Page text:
Smart Bytes®

Feeling nutrition info overload? I will help you sort through to find what’s important to you. Read more. . .

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Cutting Sodium: Doable Eating Habit Tweaks

Reducing the hefty sodium load that’s part of many people’s eating today can seem a confusing and daunting challenge. Average U.S. sodium intake at 3592 milligrams (mg) per day – not counting any salt added at the table — is well beyond the recommended cap of 2300-2400 mg. Reaching the target the American Heart Association identifies as “ideal” (no more than 1500 mg daily) would require major changes in all aspects of eating choices and preparation.

Salty 6 - good targets for cutting sodium

42% of U.S. sodium intake comes from the AHA “Salty 6” (NHANES 2009-2010)

However, reducing sodium is not an all-or-nothing proposition.

Instead of focusing on a target that may feel out of reach, try finding a few doable tweaks in your usual choices. Just a few swaps can add up to reduce your current daily totals by 1000 mg a day. That’s a goal that research supports to make a difference in your health. Given the high sodium levels in many foods today, the tweaks may not be as hard to accumulate as you think.

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Healthy Eating Tweaks for Lower Blood Pressure

Among people with high blood pressure, only about half have their blood pressure under good control.  Whether you have high blood pressure and hope to improve control to reduce the toll it takes on your health, or hope to delay or avoid development of high blood pressure, the good news is that changes in your eating habits can help.

Even better news: if you’re not up for a major overhaul of your diet, research has identified ways in which we can “tweak” eating habits with relatively small changes that can add up to make a difference for a healthier blood pressure and improve overall health at the same time. Tweaks that cut sodium are part of this, but let’s make sure we consider the big picture of how eating habits affect blood pressure.

What’s the big deal? According to the U.S. Centers for Disease Control and Prevention (CDC), high blood pressure makes you four times more likely to die from a stroke, and three times more likely to die from heart disease.

In the United States, about 1 in 3 adults – or about 2 in 3 age 60 and older — has high blood pressure. Another 1 in 3 has prehypertension, above-normal blood pressure between 120/80 mmHg and 139/89 mmHg, not high enough to classify as hypertension, but now recognized as high enough to increase risk of heart disease and stroke. Your blood pressure can be high for years without causing any symptoms, even though it is damaging your heart, blood vessels and kidneys.

Let’s consider three places you can look for ways you might tweak your current eating habits for healthy blood pressure….

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Eating Choices to Lower Cancer Risk – Q&A

Does it seem the more you read and hear about healthy eating for cancer prevention, the more questions you have?Eating Choices to Reduce Cancer Risk – Questions Answered

Over the past month and a half, I’ve traveled across the country, giving five presentations on what’s current about diet and cancer prevention. Whether I was speaking to graduate students, dietitian nutritionists and other health professionals, or the public, people who are trying to stay on top of nutrition information find it challenging.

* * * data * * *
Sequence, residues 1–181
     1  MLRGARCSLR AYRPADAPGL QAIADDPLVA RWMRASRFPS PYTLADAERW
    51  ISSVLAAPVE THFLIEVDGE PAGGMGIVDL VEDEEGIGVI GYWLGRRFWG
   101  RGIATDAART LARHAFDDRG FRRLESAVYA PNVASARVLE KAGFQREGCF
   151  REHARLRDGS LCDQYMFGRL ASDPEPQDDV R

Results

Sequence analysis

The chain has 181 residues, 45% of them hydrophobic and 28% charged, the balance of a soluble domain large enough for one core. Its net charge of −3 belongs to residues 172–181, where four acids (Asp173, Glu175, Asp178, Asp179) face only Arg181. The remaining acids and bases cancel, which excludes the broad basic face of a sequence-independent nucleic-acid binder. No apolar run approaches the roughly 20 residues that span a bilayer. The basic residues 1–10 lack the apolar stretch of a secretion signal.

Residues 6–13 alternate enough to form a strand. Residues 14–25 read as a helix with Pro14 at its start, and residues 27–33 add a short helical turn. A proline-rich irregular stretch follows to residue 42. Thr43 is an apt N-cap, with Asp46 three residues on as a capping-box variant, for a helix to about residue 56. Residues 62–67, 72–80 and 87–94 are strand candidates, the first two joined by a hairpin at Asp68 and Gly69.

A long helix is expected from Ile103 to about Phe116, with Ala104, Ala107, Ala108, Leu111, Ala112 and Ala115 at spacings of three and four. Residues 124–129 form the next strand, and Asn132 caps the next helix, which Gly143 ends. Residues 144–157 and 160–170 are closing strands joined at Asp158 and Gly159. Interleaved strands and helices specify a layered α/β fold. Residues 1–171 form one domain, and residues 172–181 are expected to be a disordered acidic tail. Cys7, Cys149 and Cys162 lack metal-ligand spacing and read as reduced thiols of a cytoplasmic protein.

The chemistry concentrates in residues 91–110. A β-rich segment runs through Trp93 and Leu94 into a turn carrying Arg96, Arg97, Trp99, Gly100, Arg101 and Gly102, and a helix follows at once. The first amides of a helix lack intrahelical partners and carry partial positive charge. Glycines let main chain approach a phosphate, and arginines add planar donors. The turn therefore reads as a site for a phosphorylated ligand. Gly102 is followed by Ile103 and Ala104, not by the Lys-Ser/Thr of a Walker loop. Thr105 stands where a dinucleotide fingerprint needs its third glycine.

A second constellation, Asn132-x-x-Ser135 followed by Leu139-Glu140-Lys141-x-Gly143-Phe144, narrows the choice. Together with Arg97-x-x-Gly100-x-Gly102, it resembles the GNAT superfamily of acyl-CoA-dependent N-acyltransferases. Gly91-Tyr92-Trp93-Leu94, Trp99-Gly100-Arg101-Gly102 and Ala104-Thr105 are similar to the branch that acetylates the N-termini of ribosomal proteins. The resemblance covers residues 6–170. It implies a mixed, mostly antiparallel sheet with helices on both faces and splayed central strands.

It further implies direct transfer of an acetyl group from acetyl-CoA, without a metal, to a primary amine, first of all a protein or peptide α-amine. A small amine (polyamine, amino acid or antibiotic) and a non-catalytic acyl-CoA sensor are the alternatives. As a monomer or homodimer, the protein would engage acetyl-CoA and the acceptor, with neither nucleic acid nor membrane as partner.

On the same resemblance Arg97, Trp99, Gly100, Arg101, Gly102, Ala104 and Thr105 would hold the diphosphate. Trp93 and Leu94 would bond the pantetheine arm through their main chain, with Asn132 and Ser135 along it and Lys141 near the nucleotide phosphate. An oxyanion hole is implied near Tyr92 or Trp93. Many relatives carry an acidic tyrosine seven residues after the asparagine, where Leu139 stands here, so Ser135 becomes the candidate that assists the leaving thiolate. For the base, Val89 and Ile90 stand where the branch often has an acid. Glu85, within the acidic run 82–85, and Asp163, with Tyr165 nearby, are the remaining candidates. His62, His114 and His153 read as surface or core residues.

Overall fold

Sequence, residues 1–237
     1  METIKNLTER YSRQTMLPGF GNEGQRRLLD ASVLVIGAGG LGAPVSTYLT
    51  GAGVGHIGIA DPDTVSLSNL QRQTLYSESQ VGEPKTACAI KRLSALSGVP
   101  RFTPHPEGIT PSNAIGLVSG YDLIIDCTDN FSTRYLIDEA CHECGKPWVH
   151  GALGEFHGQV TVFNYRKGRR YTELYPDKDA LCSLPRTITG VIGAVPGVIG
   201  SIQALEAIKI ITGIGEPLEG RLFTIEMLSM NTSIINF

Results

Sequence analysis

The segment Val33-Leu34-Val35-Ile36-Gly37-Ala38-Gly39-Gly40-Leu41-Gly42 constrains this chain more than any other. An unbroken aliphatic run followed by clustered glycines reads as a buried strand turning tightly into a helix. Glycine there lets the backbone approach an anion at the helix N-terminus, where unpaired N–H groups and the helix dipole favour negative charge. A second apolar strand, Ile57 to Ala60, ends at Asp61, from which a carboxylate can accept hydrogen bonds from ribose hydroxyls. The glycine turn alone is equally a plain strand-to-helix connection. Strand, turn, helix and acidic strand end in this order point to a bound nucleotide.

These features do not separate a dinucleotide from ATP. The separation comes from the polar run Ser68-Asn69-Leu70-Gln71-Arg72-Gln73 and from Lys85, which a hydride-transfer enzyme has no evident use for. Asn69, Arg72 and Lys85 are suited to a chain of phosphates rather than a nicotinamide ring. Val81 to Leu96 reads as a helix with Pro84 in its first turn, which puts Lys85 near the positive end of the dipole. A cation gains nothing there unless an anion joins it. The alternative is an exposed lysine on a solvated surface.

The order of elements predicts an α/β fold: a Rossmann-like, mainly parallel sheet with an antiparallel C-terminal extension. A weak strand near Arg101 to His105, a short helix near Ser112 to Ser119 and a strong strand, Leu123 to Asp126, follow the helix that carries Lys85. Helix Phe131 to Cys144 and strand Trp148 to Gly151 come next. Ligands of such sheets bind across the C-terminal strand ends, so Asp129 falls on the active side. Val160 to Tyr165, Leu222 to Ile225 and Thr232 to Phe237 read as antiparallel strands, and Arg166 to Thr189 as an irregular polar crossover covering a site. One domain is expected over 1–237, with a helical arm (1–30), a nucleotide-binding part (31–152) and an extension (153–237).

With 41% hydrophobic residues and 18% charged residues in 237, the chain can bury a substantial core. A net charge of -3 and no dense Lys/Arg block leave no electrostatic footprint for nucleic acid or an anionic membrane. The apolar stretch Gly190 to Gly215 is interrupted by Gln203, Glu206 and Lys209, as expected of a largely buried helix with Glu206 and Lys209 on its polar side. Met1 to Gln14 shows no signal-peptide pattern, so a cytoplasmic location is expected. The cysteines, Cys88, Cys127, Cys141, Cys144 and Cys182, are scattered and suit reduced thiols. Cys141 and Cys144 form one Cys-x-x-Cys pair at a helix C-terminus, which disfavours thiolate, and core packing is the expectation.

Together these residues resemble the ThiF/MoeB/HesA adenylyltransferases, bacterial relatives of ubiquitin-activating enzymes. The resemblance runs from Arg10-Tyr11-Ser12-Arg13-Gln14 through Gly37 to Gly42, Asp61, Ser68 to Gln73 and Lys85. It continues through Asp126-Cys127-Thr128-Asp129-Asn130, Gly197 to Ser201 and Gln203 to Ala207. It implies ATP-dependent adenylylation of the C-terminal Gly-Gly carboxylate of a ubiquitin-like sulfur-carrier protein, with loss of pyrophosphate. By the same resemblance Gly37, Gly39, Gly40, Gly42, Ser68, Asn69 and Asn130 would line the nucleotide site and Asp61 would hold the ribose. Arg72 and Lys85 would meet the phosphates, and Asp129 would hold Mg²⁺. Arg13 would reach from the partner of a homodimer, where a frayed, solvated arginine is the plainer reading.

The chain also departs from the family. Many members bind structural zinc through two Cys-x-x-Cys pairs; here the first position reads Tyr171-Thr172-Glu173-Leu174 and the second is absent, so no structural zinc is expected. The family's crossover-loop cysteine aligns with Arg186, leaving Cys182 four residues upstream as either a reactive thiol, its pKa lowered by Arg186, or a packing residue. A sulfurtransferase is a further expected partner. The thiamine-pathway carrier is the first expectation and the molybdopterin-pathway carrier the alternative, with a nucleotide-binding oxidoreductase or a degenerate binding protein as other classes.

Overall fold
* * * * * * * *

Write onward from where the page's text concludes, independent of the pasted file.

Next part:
On the premise that a question posed by one person is usually a question for many others, today’s Smart Bytes® is dedicated to addressing some very good questions I’ve been asked during recent presentations.

You don’t have to be at one of my presentations to pose a question: you are welcome to reach me right here with questions you’d like addressed any time. For now, read on….how many of these questions have puzzled you, too?

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Do Carotenoids Lower Breast Cancer Risk? Behind the Headlines

If you think of eating more vegetables and fruits primarily in relationship to weight management, a new study adds more reason to re-think that, suggesting potential to reduce risk of breast cancer.

Can healthy eating help breast cancer prevention?

Breast Cancer:
Do carotenoid-rich foods help reduce risk?

Looking at blood levels of carotenoids – beta-carotene plus several related compounds that collectively are known to be markers of vegetable consumption – this new study adds a fresh perspective on short-term and long-term links to breast cancer risk.

The take-home message here is not necessarily what it seems, however. So let’s look beyond the headline about this link to see what this study adds as you seek doable ways to reduce your risk of cancer and promote overall health and wellbeing.

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News on Healthy Eating & Semi-Vegetarian Diets

Is a plant-based diet the same thing as a vegetarian diet?

Study links pro-vegetarian diet with fewer heart disease deaths

Plant-based diets come in many forms

You’ve undoubtedly heard the term “plant-based diet” used in describing eating habits linked to heart health, cancer prevention and more. Some sources use the term to indicate a vegetarian diet. Yet not all the studies and recommendations about plant-based diets are actually referring to vegetarian eating.

At a recent heart health conference I attended, plant-based diets in their broader sense were the subject of several presentations, including one that received a lot of interest from media reaching health professionals and the public.

Let’s look at this study, which you may see reported somewhat differently by various sources, and see how it fits in the big picture of overall research on healthy eating patterns.

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